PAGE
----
The Zaouli Mask Dance of the Ivory Coast

A homage to feminine beauty, this traditional West African performance art is protected by UNESCO’s Convention for the Safeguarding of the Intangible Cultural Heritage of Humanity, 2017

Each Guro village in the Ivory Coast has its prized Zaouli dancer. Although always incarnated by a man, the mask itself represents the beautiful daughter of Zaouli ― Djela Lon Zaouli  ―the Lion’s daughter.

Photography of a Zaouli mask and dancer.
Image: Le Baobab N’Gourmantché

Zaouli, Through the Eyes of the Observer

“At the outset the dancer uses pompom like objects to signal the rate of the drum beat. The dance itself is physically demanding, and the dancer undertakes a type of duel with the audience. He must showcase his talent, originality and dexterity, by performing diverse dance steps that must not be repeated. The upper body remains almost still, while the legs and feet create a mesmerizing spectacle. The clothing worn accentuates the motion of the legs, a striped or checked fabric cloak conceals the upper body, and only a mask and hands remain in view. The wrists are swathed with ruffs constructed of raffia as are the ankles. Brightly shaped narrow trousers and layers of seed pods accentuate the ankles and create a rhythmic sound during the dance.”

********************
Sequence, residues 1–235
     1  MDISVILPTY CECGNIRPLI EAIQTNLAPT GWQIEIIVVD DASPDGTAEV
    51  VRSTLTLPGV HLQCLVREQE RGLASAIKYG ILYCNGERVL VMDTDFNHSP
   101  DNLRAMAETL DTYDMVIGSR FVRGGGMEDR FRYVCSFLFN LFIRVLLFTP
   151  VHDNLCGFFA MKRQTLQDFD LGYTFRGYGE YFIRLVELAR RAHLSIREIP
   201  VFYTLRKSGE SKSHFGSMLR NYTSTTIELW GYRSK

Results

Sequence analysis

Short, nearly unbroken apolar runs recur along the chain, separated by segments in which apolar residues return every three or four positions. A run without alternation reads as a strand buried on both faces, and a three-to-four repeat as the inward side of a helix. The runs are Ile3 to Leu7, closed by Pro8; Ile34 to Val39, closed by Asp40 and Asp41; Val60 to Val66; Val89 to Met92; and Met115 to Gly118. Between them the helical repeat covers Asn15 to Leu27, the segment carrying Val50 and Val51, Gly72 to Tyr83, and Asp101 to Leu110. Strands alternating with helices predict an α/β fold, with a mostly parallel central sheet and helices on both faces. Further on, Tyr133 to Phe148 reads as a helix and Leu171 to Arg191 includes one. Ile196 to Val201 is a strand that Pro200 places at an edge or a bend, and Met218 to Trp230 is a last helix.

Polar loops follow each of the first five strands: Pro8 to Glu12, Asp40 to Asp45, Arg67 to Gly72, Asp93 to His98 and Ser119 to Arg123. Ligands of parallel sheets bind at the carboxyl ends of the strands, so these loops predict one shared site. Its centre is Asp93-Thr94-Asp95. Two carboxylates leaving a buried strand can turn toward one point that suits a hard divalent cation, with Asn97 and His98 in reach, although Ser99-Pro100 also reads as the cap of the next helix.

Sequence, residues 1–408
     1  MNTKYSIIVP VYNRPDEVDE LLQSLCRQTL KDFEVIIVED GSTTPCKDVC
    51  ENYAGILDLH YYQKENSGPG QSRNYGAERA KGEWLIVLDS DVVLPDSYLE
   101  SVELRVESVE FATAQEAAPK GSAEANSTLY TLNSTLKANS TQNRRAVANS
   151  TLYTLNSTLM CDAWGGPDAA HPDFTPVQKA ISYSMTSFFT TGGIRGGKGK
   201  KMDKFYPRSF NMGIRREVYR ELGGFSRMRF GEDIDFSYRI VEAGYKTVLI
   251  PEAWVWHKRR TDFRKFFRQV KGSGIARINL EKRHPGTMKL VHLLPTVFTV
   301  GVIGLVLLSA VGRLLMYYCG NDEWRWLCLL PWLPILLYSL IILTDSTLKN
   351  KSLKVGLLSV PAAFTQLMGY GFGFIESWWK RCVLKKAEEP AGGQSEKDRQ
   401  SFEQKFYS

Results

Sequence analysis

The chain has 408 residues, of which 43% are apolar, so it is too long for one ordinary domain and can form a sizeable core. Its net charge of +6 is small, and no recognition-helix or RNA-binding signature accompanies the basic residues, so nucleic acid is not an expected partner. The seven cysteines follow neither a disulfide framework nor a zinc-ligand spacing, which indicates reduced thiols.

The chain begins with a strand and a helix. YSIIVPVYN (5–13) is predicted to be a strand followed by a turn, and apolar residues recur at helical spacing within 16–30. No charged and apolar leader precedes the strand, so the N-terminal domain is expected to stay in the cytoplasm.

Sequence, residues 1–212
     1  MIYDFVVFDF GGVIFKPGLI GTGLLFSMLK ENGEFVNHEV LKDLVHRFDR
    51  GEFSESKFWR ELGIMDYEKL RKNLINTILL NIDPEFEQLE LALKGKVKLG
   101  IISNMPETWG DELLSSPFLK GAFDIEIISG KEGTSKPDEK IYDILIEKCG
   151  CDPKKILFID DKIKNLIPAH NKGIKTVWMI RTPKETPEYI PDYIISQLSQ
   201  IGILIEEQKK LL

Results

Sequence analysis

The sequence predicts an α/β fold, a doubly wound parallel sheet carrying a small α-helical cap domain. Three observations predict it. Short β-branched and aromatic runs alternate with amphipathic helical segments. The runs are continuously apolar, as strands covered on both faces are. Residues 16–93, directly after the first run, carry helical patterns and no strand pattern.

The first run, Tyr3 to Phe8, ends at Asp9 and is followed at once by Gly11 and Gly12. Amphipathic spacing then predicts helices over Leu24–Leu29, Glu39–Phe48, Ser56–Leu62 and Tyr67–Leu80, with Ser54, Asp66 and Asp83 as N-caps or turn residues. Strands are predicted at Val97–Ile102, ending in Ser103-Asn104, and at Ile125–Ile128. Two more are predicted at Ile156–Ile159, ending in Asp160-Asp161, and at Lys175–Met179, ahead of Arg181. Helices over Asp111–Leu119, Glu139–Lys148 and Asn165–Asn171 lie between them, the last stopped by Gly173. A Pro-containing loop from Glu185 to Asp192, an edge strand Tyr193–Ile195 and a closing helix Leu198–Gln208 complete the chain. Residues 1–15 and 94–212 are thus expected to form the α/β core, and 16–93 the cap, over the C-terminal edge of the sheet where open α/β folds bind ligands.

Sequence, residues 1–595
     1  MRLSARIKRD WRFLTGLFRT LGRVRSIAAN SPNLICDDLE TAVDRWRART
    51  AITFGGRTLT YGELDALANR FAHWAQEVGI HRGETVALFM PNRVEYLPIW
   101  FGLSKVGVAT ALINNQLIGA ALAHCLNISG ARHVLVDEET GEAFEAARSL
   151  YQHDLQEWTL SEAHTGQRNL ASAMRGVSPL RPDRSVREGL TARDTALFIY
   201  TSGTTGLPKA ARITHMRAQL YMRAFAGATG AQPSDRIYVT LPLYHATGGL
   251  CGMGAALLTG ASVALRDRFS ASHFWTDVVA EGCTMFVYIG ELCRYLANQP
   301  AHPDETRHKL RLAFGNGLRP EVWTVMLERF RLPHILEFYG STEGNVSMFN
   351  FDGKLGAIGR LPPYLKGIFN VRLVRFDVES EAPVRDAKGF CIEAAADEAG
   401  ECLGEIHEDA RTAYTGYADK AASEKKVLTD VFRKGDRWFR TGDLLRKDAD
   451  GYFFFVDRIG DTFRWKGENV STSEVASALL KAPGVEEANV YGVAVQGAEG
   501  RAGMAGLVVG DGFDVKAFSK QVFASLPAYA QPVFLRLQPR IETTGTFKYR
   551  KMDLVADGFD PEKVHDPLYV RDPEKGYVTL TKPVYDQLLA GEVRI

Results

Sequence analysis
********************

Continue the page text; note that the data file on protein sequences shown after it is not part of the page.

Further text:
Ethnic Jewels Magazine

“Donning a Zaouli mask has a profound effect on its wearer. The bearer changes; the spirits take control of him. He is separated from all that happens around him … Once he puts the mask on, it will no longer be him dancing, but the spirit that possesses his body. When [this] happens, the dance is fast and furious; the masked man churning up dust beneath his feet. Provoked to keep up the pace by [the frenetic rhythm of the drum and flute], it’s a superhuman effort guided by the spirits.”

―  Chief Hyppolite Anoh of the artistic troupe Sotheca

Through the Photographer’s Lens

Through Movement and Sound

Sources and Further Reading:


  • UNESCO. (2017). Zaouli, popular music and dance of the Guro communities in Côte d’Ivoire. Retrieved March 25, 2019, from Intangible Cultural Heritage.
  • Ethnic Jewels Magazine. Zaouli. Retrieved March 25, 2019, from Ethnic Jewels Magazine.
  • Nurse, E. & Page, T. (October 11, 2016). Possession obsession: What happens when you don the Zaouli mask. Retrieved March 25, 2019, from CNN. 


  • [Fr, Eng subs] The Mask Collective. (March 16, 2014). Interview avec la troupe Zaouli de la ville de Bouaflé, Côte d’Ivoire. Retrieved March 25, 2019, from Youtube.
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Gregg Elliot Robinson
Gregg Elliot Robinson
4 December 2020 6:44 am

Discovered Zaouli on YouTube some months ago, and am now rather obsessed with its symbolic & spiritual power. Having trouble finding much information on it, though it’s obvious there’s so much to it: the dances, the drumming, the communication between drummers & dancer, mythic meaning and context… If anyone knows where I can find more info (outside of Wikipedia {and preferably in English}), let me know?